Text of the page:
Korto Momolu, renowned for her curve-friendly, African-inspired designs on season five of Project Runway, hadn't planned on showing a new collection during New York Fashion Week this season. But right at the tail end of the Fall 2009 Fashion Week at Nikki Beach Midtown, models outfitted in Momolu's designs strutted down the runway at a Fashion Week after-party to benefit the MacDella Cooper Foundation, a charity devoted to empowering Liberian youth.
It's understandable that NYFW wasn't on the agenda this season — the Liberian-born designer is gearing up for her first trip back in 18 years, after being commissioned to design a dress for Liberia's president, Ellen Johnson Sirleaf. So when she learned about the MacDella Cooper Foundation, she jumped at the chance to help out at the Fashion Week event. "I couldn't say no," the designer said. "I think the cause is much bigger than all of us and it was my honor to be a part of it."
The cause on this night was the construction of the MacDella Cooper Foundation Academy, the first tuition-free school in war-torn Liberia. The school, designed by esteemed architect Winka Dubbeldam, principal of the world-renowned firm Archi-Tectonics, NYC, is set to open its doors in 2010.
In the few short years since humanitarian and Liberian refugee MacDella Cooper [pictured above with Korto Momolu] founded MCF in 2004, the foundation has assisted foster homes and five orphanages in Liberia, reunited families, and brought Christmas spirit to more than 500 orphans during their annual children's Christmas party at the Susie Gunther Orphanage in Monrovia. And during Fall Fashion Week, MCF brought style and substance to New York City.
Korto Momolu sent her models down the runway in three mini-collections: a sea of acid greens, fuchsias, teals, and purples in rich textures like brocade, raw silk, damask, and linen. The ensembles were accented with African beads and pleating details.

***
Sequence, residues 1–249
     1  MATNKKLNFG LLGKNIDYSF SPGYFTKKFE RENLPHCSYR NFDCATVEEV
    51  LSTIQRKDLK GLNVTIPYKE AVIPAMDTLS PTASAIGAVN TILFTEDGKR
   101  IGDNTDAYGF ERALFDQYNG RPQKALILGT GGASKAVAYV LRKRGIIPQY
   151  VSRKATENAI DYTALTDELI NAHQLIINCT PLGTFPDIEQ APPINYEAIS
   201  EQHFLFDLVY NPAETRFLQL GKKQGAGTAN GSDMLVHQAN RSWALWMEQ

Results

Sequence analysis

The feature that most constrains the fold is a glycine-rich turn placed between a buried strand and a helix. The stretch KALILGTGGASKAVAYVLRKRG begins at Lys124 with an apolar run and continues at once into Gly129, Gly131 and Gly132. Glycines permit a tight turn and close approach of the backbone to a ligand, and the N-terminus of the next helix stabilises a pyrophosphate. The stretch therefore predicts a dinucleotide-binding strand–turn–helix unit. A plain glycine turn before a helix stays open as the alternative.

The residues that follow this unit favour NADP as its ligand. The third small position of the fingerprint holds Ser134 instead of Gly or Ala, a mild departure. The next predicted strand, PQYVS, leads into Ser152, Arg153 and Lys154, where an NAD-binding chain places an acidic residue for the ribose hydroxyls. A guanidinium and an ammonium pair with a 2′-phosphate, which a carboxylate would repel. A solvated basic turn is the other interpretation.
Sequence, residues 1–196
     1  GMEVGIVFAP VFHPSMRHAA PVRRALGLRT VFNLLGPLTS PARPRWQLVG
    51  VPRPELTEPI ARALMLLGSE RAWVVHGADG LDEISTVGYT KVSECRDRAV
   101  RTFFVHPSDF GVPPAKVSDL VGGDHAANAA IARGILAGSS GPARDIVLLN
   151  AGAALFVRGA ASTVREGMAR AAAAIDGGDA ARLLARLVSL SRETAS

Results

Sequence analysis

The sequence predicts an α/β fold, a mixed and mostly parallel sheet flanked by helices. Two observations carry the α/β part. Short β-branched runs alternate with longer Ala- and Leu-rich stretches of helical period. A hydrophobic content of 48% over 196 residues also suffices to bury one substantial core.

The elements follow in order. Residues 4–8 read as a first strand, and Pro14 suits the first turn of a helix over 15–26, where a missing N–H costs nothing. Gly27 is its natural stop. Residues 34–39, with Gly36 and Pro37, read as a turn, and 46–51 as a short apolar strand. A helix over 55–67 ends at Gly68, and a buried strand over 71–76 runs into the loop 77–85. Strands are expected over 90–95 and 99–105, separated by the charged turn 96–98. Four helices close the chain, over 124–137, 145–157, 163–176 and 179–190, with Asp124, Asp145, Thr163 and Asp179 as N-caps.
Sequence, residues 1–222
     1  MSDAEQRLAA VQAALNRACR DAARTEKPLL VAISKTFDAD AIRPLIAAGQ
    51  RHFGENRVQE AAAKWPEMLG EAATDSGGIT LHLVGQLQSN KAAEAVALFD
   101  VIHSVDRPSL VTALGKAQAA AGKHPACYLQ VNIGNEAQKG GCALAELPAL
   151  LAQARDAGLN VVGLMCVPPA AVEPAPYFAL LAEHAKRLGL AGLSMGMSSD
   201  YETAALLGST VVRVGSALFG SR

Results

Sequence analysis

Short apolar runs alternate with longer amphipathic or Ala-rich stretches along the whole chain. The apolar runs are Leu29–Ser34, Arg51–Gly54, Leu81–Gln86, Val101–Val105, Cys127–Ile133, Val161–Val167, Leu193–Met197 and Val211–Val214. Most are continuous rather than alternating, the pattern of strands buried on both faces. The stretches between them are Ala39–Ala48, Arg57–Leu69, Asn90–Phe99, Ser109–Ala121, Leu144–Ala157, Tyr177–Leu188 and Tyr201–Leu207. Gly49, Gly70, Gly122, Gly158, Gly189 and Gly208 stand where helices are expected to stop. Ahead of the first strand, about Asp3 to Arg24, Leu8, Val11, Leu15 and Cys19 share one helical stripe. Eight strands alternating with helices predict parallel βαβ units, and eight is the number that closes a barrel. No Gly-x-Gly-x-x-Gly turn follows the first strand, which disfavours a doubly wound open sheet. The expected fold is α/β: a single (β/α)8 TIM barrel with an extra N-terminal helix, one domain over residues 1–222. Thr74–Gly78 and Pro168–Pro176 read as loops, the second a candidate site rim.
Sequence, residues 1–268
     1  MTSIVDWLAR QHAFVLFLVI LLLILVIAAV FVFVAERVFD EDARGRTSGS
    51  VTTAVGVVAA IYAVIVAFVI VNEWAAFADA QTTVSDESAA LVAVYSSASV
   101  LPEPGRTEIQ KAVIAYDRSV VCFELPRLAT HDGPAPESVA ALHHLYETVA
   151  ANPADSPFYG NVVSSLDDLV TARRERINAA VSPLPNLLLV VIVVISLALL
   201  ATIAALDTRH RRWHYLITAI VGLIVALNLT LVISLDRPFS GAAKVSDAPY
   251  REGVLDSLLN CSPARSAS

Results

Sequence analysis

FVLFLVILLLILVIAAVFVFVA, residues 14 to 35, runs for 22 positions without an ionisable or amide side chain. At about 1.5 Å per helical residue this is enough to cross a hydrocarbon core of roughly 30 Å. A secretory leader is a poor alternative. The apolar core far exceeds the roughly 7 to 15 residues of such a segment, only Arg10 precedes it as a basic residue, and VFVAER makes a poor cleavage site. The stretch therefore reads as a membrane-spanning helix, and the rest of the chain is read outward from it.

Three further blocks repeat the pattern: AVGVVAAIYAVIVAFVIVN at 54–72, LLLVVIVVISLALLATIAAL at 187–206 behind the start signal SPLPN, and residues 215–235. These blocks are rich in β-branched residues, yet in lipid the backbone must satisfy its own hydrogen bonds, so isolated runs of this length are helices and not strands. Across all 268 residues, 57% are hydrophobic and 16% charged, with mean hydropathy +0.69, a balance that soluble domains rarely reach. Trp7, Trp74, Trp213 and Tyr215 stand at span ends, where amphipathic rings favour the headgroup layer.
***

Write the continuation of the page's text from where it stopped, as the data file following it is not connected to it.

"I wanted a bronze-goddess look for these items," Momolu said of the first mini collection, which included a tailored, long gold brocade coatdress, followed by another flash of gold in a short silk bubble dress, and a linen jumper.
Event attendees cheered and clapped as bright, figure-flattering jersey pieces made their way down the runway. Momolu said the collection "came about as simple, chic Grecian goddess ensembles," wearable by women of all shapes and sizes.
The finale piece, a cream taffeta dress with embroidered brown leaves and a touch of hot pink, was Momolu's favorite. "Talk about nature!" The silhouette was simple and elegant, with the beaded neckline and mix of patterns and colors giving the piece some vivid, exciting detail.
"If my presence helped the foundation in any way to meet their financial goals, that makes me proud," Momolu said. And MCF did just that, raising almost $50,000 with their Fashion Week after-party. Tammy Tibbetts, director of the MacDella Cooper Foundation, said the MCF team was thrilled with the event's success. "It was the most stylish and successful event we could have imagined to kick off fund-raising for the MCF Academy. Even in a troublesome economy, it's redeeming to see how much people will open their hearts to help these children in Liberia who are struggling even more."
To learn more about designer Korto Momolu, go to kortomomolu.com.
[Photos by Marc Hall, marchallphotography.com